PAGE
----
The High Court has today ruled that Finance Ministry does not have the legal authority to overturn the salaries and allowances of civil servants against the will of the Civil Service Commission (CSC).
In April last year the Civil Court ruled in favor of the Civil Service Commission in a case against the Ministry of Finance regarding civil servants’ salary cuts. The CSC successfully contended that the Finance Ministry did not have the legal authority to make amendments to civil servant salaries.
Delivering the verdict at the time, Civil Court Judge Aisha Shujoon said that the Finance Ministry was not authorised to order offices to prepare salary sheets according to its revised (lower) salaries, and also ruled that the Ministry could not issue an order narrowing the powers of the commission to decide the civil servants’ salaries under articles 6, 18(a) and 43 of the Civil Service Act.
The salaries of the Civil Servants were reduced in October 2009 for three months, after an agreement between the Finance Ministry and CSC, part of austerity measures favoured by the International Monetary Fund (IMF).
After the three months duration was over, the Finance Ministry extended the duration for another three months without the consent of the CSC.
In January 2010, the CSC ordered permanent secretaries to submit the sheets with salaries at the levels prior to the government’s reductions in October, while the Finance Ministry threatened legal action against any civil servants who filled in salary sheets according to the restored amount.
Civil servants held protests in Male’ over the salary reduction, with the support of the opposition, after the government refused to restore the salaries to pre-cut levels citing the poor economic condition of the country.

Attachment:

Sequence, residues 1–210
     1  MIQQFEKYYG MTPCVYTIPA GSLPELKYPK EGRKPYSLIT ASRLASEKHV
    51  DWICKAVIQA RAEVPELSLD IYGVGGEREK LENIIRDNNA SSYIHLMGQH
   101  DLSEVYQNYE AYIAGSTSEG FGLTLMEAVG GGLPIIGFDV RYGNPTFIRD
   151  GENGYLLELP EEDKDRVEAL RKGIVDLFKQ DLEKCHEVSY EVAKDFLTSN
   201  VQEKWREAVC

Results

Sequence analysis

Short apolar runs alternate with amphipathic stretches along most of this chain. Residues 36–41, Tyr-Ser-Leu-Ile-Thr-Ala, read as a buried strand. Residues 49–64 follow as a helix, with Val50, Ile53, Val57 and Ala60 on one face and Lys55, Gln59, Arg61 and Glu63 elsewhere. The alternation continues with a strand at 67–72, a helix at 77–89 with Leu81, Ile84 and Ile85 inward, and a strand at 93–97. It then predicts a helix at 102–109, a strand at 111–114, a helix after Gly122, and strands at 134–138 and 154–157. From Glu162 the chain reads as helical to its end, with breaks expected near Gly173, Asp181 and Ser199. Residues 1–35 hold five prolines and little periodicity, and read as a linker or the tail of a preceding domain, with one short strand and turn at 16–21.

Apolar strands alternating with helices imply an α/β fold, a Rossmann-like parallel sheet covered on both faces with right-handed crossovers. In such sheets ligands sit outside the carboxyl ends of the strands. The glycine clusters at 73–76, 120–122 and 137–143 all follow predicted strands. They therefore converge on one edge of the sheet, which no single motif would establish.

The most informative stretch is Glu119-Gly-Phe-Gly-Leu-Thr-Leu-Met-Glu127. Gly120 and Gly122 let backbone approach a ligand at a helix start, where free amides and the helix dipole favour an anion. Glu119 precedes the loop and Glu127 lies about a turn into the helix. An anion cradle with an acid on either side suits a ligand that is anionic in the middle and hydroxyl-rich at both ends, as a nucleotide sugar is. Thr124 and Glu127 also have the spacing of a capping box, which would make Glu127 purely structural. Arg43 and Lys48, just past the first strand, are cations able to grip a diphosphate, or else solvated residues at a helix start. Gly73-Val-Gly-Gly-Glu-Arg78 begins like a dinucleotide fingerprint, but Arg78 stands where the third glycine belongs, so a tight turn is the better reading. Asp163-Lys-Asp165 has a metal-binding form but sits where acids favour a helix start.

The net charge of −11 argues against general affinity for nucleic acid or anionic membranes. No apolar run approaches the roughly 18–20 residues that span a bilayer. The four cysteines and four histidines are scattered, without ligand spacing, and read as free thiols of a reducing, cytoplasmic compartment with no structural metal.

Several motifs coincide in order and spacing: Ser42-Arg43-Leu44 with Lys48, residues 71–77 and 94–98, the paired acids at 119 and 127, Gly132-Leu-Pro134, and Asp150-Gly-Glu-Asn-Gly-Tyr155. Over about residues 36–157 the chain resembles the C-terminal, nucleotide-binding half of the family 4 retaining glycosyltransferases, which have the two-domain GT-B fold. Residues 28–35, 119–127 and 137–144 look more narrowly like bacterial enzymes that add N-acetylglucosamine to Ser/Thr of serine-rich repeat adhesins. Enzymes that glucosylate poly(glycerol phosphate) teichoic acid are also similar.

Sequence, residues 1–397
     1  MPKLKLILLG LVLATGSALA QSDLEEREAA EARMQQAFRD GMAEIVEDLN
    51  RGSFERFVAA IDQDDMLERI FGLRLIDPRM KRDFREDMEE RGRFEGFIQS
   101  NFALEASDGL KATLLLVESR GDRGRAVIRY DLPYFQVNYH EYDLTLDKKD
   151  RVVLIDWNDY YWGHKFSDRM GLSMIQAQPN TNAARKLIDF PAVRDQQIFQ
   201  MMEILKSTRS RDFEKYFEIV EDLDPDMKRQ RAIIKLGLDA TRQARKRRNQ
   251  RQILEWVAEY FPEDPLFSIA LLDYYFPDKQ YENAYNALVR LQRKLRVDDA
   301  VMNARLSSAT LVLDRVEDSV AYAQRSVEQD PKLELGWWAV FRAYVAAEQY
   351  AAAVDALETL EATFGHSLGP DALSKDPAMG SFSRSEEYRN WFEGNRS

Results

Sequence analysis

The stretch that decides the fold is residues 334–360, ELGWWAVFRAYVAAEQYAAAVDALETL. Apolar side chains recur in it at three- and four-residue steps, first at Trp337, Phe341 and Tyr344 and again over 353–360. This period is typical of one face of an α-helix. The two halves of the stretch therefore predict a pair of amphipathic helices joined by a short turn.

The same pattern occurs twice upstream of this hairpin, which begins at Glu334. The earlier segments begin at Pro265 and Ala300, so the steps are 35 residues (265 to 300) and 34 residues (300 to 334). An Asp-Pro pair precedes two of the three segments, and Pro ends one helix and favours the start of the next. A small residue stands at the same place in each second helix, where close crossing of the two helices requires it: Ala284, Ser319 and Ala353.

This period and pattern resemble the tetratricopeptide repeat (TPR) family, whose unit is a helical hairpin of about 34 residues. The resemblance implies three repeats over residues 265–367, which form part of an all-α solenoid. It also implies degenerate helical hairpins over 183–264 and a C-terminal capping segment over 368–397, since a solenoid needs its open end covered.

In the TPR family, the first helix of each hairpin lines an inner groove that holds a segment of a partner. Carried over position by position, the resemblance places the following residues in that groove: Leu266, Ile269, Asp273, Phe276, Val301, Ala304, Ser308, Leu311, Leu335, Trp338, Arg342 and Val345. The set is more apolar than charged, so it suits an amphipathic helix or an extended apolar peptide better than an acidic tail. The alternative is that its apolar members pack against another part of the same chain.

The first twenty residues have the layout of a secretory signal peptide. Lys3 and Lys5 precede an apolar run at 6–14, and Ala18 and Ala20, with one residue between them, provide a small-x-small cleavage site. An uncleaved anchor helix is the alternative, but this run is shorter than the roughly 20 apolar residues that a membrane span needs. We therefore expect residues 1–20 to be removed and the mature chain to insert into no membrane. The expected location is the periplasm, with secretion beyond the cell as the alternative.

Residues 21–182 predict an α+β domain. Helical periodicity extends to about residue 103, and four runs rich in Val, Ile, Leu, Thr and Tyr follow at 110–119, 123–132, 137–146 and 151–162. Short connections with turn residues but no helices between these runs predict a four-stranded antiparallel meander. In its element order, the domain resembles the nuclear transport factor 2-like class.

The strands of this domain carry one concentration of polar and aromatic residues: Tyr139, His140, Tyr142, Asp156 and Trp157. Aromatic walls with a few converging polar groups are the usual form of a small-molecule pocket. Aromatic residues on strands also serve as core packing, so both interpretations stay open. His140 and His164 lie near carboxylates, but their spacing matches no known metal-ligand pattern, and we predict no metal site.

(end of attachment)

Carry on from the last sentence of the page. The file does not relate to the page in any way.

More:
The situation became especially heated that Feburary after the Finance Ministry filed a case against the CSC with police, alleging the commission was attempting to “to sow discord between the government and public”, and “bring the government to a halt.”
The Finance Ministry further claimed that certain members of the CSC were using the issue as a cover to attain “a hidden political agenda.”
“The CSC is making it difficult for the government to implement the necessary economic policies [and are therefore] indirectly trying to damage the economy,” the Ministry said in a statement, at the time.
“[The CSC’s actions] will result in an increased budget deficit, make it difficult to maintain the value of the rufiyaa against the dollar and will damage the Maldivian economy, affecting each and every citizen of this country.”
After the matter descended into the court system, the government appear to accept that it was unlikely to shake the CSC’s hold on the salary issue, as demanded by the IMF, and instead embarked on an ambitious program of corporatisation whereby entire departments were transformed into 100 percent government-owned corporate entities, outside the jurisdiction of the CSC.
More recently, cabinet launched a program to encourage civil servants to leave the government and enter the private sector or further their education, a move welcomed by the CSC.
Under the scheme, civil servants and government employees were eligible for one of four retirement incentive packages: no assistance, a one time payment of Rf 150,000 (US$11,700), a payment of Rf 150,000 and priority in the small and medium enterprises loan scheme (for those 18-50 years of age), or a lump sum of Rf 200,000 (US$15,600) and priority in government training and scholarship programmes (for those 18-40 years of age).